Action Plan 2016-2019 for the Technical Secretary of the Social Cabinet of the National Government of the Republic of Panama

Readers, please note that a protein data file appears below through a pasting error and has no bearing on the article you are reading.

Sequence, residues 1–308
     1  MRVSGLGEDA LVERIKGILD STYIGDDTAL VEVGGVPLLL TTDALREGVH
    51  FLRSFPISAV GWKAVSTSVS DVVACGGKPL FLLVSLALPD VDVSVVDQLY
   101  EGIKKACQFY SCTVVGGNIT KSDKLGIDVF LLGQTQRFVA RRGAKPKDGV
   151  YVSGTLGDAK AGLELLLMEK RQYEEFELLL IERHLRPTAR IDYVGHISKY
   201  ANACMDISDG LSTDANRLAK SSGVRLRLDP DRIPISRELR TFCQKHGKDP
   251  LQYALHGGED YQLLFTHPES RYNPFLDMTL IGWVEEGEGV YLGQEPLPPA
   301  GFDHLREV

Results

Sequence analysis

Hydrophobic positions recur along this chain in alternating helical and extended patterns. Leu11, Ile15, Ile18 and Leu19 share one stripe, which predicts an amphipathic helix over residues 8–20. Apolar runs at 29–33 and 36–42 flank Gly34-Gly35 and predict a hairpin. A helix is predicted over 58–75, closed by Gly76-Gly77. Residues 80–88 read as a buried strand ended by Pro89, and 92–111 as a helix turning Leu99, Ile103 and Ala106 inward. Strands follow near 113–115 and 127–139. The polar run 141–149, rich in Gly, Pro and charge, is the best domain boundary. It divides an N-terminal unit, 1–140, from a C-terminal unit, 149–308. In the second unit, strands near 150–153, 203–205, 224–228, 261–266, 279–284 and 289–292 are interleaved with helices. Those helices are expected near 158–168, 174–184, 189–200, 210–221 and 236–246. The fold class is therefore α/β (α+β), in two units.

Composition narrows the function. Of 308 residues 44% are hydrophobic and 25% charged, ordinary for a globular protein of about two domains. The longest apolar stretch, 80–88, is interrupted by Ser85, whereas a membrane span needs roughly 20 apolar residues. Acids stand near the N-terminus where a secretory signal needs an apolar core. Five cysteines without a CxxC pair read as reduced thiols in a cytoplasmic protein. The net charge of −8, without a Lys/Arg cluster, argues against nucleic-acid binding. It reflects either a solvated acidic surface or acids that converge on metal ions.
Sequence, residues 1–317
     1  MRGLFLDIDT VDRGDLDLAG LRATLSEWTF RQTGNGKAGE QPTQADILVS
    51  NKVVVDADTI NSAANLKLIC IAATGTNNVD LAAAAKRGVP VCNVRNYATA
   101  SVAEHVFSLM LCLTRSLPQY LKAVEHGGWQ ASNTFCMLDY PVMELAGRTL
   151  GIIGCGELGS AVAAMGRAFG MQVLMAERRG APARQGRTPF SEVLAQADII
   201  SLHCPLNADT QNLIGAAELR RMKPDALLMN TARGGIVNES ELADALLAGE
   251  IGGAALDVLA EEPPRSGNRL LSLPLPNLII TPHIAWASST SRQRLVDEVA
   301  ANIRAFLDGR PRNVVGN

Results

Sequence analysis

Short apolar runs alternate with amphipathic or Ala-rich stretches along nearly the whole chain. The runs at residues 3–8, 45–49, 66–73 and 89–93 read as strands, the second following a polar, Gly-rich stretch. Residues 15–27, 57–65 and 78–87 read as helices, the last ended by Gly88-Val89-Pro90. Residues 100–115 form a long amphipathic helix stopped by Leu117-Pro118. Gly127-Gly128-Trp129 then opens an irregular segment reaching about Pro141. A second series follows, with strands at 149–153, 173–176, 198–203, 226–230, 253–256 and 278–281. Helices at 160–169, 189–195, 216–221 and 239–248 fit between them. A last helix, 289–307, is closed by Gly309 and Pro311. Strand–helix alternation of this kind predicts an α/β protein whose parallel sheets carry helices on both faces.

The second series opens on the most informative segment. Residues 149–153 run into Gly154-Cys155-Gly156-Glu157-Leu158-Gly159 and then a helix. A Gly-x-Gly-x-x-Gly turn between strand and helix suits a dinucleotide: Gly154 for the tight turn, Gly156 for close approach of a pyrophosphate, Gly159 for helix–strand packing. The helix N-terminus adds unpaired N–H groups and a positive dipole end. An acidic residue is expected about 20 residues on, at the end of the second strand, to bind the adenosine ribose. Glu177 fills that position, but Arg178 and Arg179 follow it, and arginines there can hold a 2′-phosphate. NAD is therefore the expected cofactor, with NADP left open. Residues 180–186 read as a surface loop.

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This report has been prepared while performing my duties as Secretary of the Social Cabinet (SC) and Deputy Minister of Social Development of the Republic of Panama, to which I was appointed from the beginings of May, 2016. The end user of this report is the SC, whose technical coordinator is the Minister of Social Development. The report consists of four main parts: 1) The Action Plan 2016-2019 for the Technical Secretary of the SC (TSSC); 2) Logical Framework; 3) Action Plan Presentation, and 4) Video. These parts were submitted for approval of the members of the Social Cabinet on March 31st, 2016, as recorded in the Minute of the SC First Ordinary Meeting, which is attached as Annex 1 of the report. The present report originates as a response to the Panamanian Government’s necessity to activate the SC “in order to become, from the highest level, a mechanism of coordination and interaction of processes which shall promote the development of far-reaching joint proposals adopted by the Cabinet Council” (MIDES, 2015, p.3). The SC was created by Decree 477 of 1992, which was modified in several occasions; being the last of these modifications made by the Executive Decree Number 335 of 2014. The role of the SC is “to act as an advisory organism of the Executive Branch and the Cabinet Council on social development matters; to serve as a debate application in the Social Agenda; to create, coordinate operatively and strategically evaluate the government’s social policy and to act as the government’s representative before international, national, governmental and non-governmental organisms and organizations on multi-sector social development matters” (Executive Decree Number 335, article 2). The SC has a Multisectoral Committee (MC) consisting of high-level technical personnel of the institutions which constitute it, and of a TSSC under the Ministry of Social Development, responsible for the coordination, preparation and execution of related matters, in order to provide standards at an organization level, and to follow up the agreements and guidelines arising from it. The SC Cabinet and its TSSC are also responsible for the compliance of the roles, which were attributed to them by Decree Number 393 of September 17th, 2015, which adopts the Sustainable Development Goals (SDGs) and dictates other regulations. The TSSC Action Plan was developed considering all the roles assigned by law, aligned with the goals of the Government’s 2015-2019 Strategic Plan. It was also considered the call made by the President of the Republic in his Report to the Nation of January 2nd, 2016 to “open a dialogue for the adoption of a National Strategy Plan with a State Vision ‘Panama 2030’, which shall allow us to make the 17 SDGs a reality”. These goals were approved during the United Nations General Assembly in October 2015 (Report to the Nation, 2016). The present report was prepared in March 2016 by means of a logical and organized process, and with the active participation of all the TSSC technical crew. In addition, significant actors were interviewed, such as the Vice President of the Republic, as President of the SC, Ministerial Authorities, National Directors, the Office of the First Lady, the Secretary of Presidential Goals, the Executive Secretary of the National Coalition for Development, the Multisectoral Committee of the SC, and representatives of the civic and business sector, in order to identify where we are and where we should go. The goals of the Action Plan are aimed to “accomplish an effective interaction and coordination among institutions to elaborate and execute social policies which shall grant human development from a multidimensional point of view. It considers development as the continuous expansion of human and social capital, and the access to opportunities that that promotes an improvement of the quality of life of all Panamanians” (TSSC, 2016). This Plan emphasizes on how important it is to develop and introduce tools, which allow to accurately identifying the country’s necessities, to measure the impact of policies and social programs, to facilitate the efficient allocation of the State resources, and to secure transparency. The Plan’s main outcomes are: 1) the adoption of the SDGs in line with the Panama 2030 Plan; 2) the implementation of the Multidimensional Poverty Index (MPI), as part of an action strategy against poverty; 3) the development and implementation of a social map; 4) the reinstatement of the Demographic Technical Council; 5) the strengthening of the TSSC; 6) the articulation of critical social matters (i.e. maternal mortality; the integral system for childhood and adolescence protection; youth programs; BioCommunity; conditional cash transfer programs, and the Colon urban renovation plan); 7) SC and TSSC positioning. This Action Plan shall be executed by establishing a contributory board; public-private partnerships; agreements among institutions; South-South cooperation; exchange of best practices and alliances with the media. The knowledge acquired in the courses, which are part of the Master in Public Administration, was essential for the elaboration of this report. Leadership for Non-Public Organizations provided powerful insights about the theory of Adaptive Leadership, used as a guide in the process of identifying the major adaptive challenges and developing strategies to mobilize the personnel of the TSSC to address them. Public Administration provided the technics to address inter-governmental relations; to manage personnel and diversity in public organizations; to adopt strategic planning, and to design an action plan. Evaluation of International Programs offered the ‘logical framework’ as a methodology for designing a plan in order to be able to monitor and evaluate it according to its goals. Systems Thinking has been critical as a tool to organize mental models by applying the rules of distinctions, systems, relationships, and perspectives, known as DSRP (Cabrera & Cabrera, 2015). Socially Responsible Businesses helped to open the strategy´s compass in order to include the private sector as an ally through public-private partnerships and Corporate Social Responsibility (CSR). Politics, Policy and Public Management was useful for understanding “the complexity and dynamics of how the national agenda is set” (Kingdon, 2011) in order to frame and present the ideas to the decision-makers in a way that is relevant for them. In addition to this, the experience as an intern in Swami Vivekananda Youth Movement and Grassroots Research and Advocacy Movement in Mysore, India was critical for the understanding of the relevance of the expansion of human and social capital as mechanisms to ensure sustainable human development.